The Director of Finance and Assets advised Members that the Financial Strategy was a new document and it took a long term look at the Authority’s finances and helped guide the medium term financial plan and budget setting. It took information from a number of sources, including HMICFRS reports, audit reports both internal and external and financial analysis. One of the key aspects of the Strategy was that it considered potential medium and longer term scenarios, with a consideration of areas that could be enhanced or scaled back depending on the outcome of future funding settlements.
The Director of Finance and Assets advised Members that the recommendation within the report that “the Service should consult with the people of Buckinghamshire and Milton Keynes on options to have the most effective and efficient response against the financial environment in which it operates” was addressed through the implementation of the Public Safety Plan 2020-25 and was also covered within this Strategy.
The Strategy also contained the Authority’s reserves strategy, which was a requirement of the National Framework. The main focus of the Strategy was the Action Plan, which highlighted key actions that would be taken over the next five years as a result of undertaking this analysis. Some of the key actions were undertaking a value for money review with an external provider; establishing the Programme Management Office; and a review of the performance reporting arrangements.
The Director of Finance and Assets advised Members that there was a question raised at the Executive Committee around interest receivable. The Strategy showed the budget for the current year at £150K for Treasury Management Investments, but it should be noted that the Authority was expecting this to reduce by £120K for the following year.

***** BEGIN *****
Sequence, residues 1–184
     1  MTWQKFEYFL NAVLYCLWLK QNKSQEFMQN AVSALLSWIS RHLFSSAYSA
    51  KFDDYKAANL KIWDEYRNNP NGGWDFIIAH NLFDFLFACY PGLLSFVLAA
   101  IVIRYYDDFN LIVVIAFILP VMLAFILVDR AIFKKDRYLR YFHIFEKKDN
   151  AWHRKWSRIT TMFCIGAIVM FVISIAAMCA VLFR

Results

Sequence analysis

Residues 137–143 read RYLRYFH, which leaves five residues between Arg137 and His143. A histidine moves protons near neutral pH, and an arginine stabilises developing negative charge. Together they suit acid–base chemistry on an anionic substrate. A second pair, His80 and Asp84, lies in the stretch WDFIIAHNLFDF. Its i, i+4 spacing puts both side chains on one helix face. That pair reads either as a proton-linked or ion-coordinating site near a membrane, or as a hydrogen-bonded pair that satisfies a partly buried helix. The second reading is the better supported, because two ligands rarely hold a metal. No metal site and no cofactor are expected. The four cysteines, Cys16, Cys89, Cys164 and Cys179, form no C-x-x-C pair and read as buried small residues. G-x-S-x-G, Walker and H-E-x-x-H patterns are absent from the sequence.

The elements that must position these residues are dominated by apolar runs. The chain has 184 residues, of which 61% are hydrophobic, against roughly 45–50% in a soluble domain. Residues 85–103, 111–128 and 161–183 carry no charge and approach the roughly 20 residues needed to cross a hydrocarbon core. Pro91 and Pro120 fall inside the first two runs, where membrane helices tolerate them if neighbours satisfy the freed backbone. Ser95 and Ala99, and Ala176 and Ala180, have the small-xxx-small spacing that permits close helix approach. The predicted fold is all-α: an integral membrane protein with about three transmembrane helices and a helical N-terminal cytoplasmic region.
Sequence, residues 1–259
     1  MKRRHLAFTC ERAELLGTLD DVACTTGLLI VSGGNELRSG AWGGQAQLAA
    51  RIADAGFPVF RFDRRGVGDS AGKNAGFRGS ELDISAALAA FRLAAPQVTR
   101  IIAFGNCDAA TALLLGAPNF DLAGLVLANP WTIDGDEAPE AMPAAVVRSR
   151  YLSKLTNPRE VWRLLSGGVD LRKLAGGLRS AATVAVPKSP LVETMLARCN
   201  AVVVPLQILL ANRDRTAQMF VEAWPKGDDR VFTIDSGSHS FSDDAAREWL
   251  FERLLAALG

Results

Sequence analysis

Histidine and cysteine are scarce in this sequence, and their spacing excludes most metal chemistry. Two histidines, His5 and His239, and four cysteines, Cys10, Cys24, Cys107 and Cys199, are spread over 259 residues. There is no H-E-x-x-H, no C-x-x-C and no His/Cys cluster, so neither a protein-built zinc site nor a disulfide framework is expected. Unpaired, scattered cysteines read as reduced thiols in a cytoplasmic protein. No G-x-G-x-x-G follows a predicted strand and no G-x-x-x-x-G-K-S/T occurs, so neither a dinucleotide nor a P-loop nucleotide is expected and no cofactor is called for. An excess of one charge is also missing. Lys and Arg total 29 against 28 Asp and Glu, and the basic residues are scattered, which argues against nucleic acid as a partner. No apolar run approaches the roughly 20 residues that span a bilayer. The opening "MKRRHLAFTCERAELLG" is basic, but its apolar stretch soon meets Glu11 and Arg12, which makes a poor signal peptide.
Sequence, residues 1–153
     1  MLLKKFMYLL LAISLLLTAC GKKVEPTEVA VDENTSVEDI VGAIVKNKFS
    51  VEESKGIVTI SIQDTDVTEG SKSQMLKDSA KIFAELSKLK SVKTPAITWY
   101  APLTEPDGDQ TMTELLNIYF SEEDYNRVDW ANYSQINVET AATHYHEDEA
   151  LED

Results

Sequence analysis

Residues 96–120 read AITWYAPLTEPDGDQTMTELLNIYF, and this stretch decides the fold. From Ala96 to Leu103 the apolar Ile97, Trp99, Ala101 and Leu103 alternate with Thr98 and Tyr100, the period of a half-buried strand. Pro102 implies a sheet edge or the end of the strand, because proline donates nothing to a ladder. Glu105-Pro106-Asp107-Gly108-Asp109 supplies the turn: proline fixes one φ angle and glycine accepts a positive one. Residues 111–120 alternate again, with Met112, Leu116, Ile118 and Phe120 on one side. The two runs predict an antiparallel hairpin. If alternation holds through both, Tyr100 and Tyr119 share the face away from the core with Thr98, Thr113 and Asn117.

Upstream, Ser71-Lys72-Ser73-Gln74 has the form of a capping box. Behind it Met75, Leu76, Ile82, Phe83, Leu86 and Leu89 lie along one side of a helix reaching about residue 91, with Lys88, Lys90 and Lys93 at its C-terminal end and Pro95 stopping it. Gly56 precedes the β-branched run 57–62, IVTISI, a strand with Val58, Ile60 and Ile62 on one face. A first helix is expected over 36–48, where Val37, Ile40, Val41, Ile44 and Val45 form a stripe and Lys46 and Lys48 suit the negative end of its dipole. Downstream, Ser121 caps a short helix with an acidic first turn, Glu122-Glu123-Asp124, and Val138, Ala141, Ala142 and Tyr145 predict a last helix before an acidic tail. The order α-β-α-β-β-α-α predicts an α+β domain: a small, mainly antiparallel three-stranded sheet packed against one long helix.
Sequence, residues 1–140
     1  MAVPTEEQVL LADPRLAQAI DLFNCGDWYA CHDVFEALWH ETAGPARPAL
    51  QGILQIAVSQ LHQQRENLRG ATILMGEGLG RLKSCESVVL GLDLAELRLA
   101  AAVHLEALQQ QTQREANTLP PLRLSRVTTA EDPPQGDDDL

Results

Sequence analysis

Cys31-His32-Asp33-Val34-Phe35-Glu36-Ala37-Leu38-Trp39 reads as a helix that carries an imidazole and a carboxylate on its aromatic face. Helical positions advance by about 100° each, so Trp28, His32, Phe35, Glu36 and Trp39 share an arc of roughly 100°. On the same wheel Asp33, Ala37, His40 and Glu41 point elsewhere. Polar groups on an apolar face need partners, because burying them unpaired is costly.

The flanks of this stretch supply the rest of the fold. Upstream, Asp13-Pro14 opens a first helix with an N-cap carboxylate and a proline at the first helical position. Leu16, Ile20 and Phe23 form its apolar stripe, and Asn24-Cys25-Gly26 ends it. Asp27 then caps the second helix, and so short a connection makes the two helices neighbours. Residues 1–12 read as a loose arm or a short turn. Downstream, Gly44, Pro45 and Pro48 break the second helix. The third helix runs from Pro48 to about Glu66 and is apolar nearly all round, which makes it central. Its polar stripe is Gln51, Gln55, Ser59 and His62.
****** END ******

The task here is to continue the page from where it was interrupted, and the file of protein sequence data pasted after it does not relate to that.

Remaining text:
The Director of Finance and Assets advised that following the recent Spending Review there were three key points to note. The public sector pay pause would save the Authority £300K; the government would fund 75% of irrecoverable losses on business rates and council tax; and the core referendum threshold would remain at 2% with no specific exemptions mentioned for fire and rescue authorities. The Authority would currently be looking at a deficit of around £1M for next year. The Authority had written to the Minister highlighting these concerns, especially around the lack of council tax flexibility and awaited a response.
A Member asked about the consultation and was advised that this was done as part of the Public Safety Plan and was undertaken through focus groups and in terms of their response on council tax, this was an educated response after members of the pubic had been given the Authority’s financial position and the implications of the cost pressures faced.
A Member asked about employees earning under £24k, would they get the 2% pay rise as stated by the government and was advised that yes, work had already been done to identify individuals effected and the Authority would be complying with the directive from Government.
A Member asked about the council ... view the full minutes text for item 7c
To consider Item 8
The Director of Legal and Governance advised Members that one of the recommendations in the Committee on Standards in Public Life Ethical Standards report was that local authorities should have access to at least two Independent Persons. Since the introduction by the Localism Act 2011 of Independent Persons into the local government ethical governance regime, the Authority had worked collaboratively with other local authorities to advertise for, and recruit, Independent Persons.
Firstly in 2012 the Authority participated in arrangements with Bedfordshire Fire and Rescue Authority, and the councils of Milton Keynes, Central Bedfordshire, Luton Borough and Bedford Borough coordinated by Luton Borough Council. In 2016 Luton Borough again led on the collaborative recruitment process on behalf of the Authority, this time with Milton Keynes and Central Bedfordshire Councils.